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Using Pictures to Read the Past

Student Handout

In this project, you will search for useful images on the Images Canada database from which to make reasoned generalizations about one or two aspects of life in Canada in the late 19th and the early 20th century. You will use information taken from these images to make a thematic poster.

Copyright / Credit

In all cases, when you reproduce an image from the Images Canada website the following information must appear with the image, in English and/or French, as part of the credit line. You can find this information by clicking on the "more information" link found directly below the thumbnail of the image. A record will appear that contains such necessary information as the name of the partner and unique ID number.

Credit line:

  • copyright symbol, ©, [name of partner as indicated in the "Source" field]
  • the unique ID number of the image
  • the statement, "Reproduced with permission from the [name of partner] website (URL)".

For example: © Canada Aviation Museum. Image # 21719. Reproduced with permission from the Canada Aviation Museum website (www.aviation.technomuses.ca).


A. Choose a theme. Some possibilities:

  • Homes
  • Transportation
  • Clothing
  • School
  • Work
  • Food (gathering, preparing, eating)
  • Leisure

Also decide which group you will investigate.

  • Pioneers
  • City Dwellers
  • First Nations, Métis, and/or Inuit

B. Brainstorm key words that will help you find images on the Images Canada website. For example:

Homes

lodge, house, building, tent, cabin

Brainstorm Table

 

 

 

 

 

 

 

 

 

 

The words you use in your brainstorm will produce many search results.

C. The next step is to select the images that seem most useful.

Remember! If you use an image from a photo taken on or after January 1, 1949, you must add the appropriate copyright notice. See examples below:
©Canadian Science and Technology Museum
© Glenbow Library and Archives

Hint: you can find the date and the image source institution (the copyright owner) by clicking on the More Information link under each image.

Here are some ways to help you choose images:

  • Is the picture clear?
  • Does it show what you are looking for?
  • Does it have a good amount of detail and useful information about the aspect of life you are investigating?
  • Consider the context: Is it a genuine depiction of real life or a romantic or unrealistic view? (Note that many pictures are posed. This is not necessarily bad, but it should be considered.)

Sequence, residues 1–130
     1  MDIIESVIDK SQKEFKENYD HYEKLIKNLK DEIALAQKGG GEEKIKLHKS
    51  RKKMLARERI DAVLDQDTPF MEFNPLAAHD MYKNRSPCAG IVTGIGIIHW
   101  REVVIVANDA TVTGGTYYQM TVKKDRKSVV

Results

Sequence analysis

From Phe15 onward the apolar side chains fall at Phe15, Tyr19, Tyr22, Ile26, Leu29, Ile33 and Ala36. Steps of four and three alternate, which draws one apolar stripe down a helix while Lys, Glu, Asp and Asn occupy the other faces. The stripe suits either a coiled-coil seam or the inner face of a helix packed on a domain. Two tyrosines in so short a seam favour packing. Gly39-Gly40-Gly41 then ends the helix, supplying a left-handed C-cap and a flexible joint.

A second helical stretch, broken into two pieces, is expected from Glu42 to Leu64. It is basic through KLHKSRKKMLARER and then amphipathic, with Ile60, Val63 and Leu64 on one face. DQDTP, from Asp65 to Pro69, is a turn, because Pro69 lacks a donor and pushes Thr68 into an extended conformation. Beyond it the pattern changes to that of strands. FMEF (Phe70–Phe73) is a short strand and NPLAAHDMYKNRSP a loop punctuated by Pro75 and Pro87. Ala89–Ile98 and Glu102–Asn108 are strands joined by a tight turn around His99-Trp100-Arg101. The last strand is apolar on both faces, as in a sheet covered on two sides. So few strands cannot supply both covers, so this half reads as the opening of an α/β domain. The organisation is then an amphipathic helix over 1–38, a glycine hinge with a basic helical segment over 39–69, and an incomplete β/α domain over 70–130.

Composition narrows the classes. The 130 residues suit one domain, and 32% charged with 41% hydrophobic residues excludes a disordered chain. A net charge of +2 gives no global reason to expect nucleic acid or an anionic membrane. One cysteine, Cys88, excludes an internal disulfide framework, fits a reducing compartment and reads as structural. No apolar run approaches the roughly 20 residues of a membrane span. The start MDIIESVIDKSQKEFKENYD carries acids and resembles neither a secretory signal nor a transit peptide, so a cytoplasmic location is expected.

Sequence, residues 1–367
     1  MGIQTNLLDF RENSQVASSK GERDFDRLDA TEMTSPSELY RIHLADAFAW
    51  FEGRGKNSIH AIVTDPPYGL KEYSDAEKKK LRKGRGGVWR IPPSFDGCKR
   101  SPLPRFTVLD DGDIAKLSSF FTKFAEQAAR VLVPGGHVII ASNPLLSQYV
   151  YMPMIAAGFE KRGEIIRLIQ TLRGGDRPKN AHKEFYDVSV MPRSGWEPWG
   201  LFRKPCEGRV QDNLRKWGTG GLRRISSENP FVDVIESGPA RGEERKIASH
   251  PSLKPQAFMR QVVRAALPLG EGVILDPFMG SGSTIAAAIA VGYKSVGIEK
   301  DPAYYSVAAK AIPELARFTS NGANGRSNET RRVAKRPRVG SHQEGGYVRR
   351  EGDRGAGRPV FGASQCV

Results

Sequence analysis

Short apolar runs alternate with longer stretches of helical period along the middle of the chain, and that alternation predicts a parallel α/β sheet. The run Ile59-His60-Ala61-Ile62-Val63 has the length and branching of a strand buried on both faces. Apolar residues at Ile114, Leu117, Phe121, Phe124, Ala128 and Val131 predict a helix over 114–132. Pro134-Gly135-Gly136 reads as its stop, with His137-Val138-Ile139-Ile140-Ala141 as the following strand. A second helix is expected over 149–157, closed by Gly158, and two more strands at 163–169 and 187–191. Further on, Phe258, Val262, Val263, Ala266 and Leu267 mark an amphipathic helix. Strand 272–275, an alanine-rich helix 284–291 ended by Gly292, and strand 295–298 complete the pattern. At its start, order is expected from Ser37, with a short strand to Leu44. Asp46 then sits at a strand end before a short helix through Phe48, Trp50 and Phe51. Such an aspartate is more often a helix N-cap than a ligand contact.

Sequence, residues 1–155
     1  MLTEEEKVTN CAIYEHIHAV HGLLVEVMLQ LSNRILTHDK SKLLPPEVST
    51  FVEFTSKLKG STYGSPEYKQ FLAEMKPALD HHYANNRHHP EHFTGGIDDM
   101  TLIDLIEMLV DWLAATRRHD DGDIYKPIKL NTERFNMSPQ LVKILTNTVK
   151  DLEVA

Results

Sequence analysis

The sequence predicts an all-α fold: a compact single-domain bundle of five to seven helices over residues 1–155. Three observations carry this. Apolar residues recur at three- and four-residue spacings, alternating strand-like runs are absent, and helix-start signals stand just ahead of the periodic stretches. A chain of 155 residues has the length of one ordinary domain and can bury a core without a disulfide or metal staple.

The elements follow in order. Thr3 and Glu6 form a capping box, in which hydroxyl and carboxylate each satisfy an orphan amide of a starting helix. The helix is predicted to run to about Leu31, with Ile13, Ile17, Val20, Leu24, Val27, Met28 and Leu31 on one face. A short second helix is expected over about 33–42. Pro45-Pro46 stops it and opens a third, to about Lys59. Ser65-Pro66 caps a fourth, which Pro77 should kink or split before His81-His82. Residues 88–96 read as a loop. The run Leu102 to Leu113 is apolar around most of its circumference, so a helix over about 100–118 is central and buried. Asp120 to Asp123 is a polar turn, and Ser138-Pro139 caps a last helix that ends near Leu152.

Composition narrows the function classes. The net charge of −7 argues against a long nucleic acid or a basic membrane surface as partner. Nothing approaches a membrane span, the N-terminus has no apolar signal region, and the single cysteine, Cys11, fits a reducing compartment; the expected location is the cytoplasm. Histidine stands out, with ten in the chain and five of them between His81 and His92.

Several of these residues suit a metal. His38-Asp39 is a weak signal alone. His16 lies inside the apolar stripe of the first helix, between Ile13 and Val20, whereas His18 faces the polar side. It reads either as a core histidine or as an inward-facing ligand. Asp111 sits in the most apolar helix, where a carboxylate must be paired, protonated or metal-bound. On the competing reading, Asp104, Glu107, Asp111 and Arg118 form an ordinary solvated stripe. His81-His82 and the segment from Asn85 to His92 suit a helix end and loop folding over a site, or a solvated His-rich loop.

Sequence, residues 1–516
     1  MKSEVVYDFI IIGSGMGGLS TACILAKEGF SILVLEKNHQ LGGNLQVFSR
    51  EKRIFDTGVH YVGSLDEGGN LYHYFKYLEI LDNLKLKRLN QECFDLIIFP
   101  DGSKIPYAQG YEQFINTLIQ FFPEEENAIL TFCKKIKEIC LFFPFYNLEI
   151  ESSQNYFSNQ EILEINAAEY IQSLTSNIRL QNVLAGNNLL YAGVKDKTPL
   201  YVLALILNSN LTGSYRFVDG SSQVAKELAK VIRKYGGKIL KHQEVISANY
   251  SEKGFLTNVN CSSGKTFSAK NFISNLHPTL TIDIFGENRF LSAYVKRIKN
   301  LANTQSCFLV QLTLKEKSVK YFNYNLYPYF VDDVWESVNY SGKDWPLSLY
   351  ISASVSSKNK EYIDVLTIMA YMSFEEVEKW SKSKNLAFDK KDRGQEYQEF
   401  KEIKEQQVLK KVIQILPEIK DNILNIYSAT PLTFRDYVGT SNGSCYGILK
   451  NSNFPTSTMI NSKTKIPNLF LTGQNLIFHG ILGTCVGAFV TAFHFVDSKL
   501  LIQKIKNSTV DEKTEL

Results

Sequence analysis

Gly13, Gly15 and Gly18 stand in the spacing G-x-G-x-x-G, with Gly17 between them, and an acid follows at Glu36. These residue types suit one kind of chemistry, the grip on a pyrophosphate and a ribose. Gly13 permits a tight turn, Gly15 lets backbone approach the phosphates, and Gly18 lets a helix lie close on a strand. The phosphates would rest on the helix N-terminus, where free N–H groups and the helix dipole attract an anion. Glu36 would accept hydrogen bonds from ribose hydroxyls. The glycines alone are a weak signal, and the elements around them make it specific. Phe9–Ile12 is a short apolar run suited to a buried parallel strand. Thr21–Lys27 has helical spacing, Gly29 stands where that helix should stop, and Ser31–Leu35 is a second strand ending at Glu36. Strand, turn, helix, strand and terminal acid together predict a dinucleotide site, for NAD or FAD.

• Is the date of the image close to the date of other images you have chosen? (Much changed in a few years during this period.)
  • Does the image have a similar setting to other images you have chosen? Experiences might be very different in different regions -- between the Far North and the Maritimes, for example.

D. Make notes on the following:

  • Describe the focus of the image:
    • What is it?
    • What is happening in the image?
    • Are there people?
      • How many?
      • What are they doing?
      • How are they dressed?
      • Do they look rich, poor, or in-between?
      • What is their expression? Happy? Sad? Serious? Something else?
      • Why do you think they are in the picture?
      • Is there anything interesting about them?
    • If the focus is an object (or building or place), what does it look like?
      • What is it made of?
      • Why do think it was chosen for a picture?
      • Is there a technological aspect of the object that interests you?
  • Describe the setting:
    • Is it indoors or outside?
    • What objects, plants and animals do you see?
    • Why do you think they were included in the image?
  • Why do you think this picture was taken?
    • Was it to celebrate an event? (For example, a party or holiday.)
    • Was it to celebrate a family or person? (For example, a family portrait.)
    • Was it to celebrate success? (For example, a rich farm or business.)
    • Was it to show how life was? (For example, a work crew resting.)
  • Is this picture a real depiction of life at the time, or is there something about the picture that tells you that it is not? Is this important, and if so, why?

E. Based on all your pictures, can you now make any generalizations about the theme of your study? Consider, among other things:

  • Characteristics of the physical environment (and its effect on people)
  • Technology and its effects on people's relationship with the land
  • Roles and responsibilities of citizens in various groups in early Canada

For example:

Before the building of the railway, pioneers on the prairies travelled across the land using...
Or
Many of the first homes built on the prairie were made from local materials like…

F. Finally, compare and contrast this aspect of life with your life today.

  • In what ways are things the same now?
  • In what ways are things different?

G. Prepare a poster or other artistic representation showing and describing this aspect of life in the late 19th and/or early 20th century. You might include:

  • Images with captions
  • Explanatory text
  • Your own poem or short story about what life would have been like

This representation may be presented to the class when completed.

Using Pictures to Read the Past | Student Handout | Assessment Criteria

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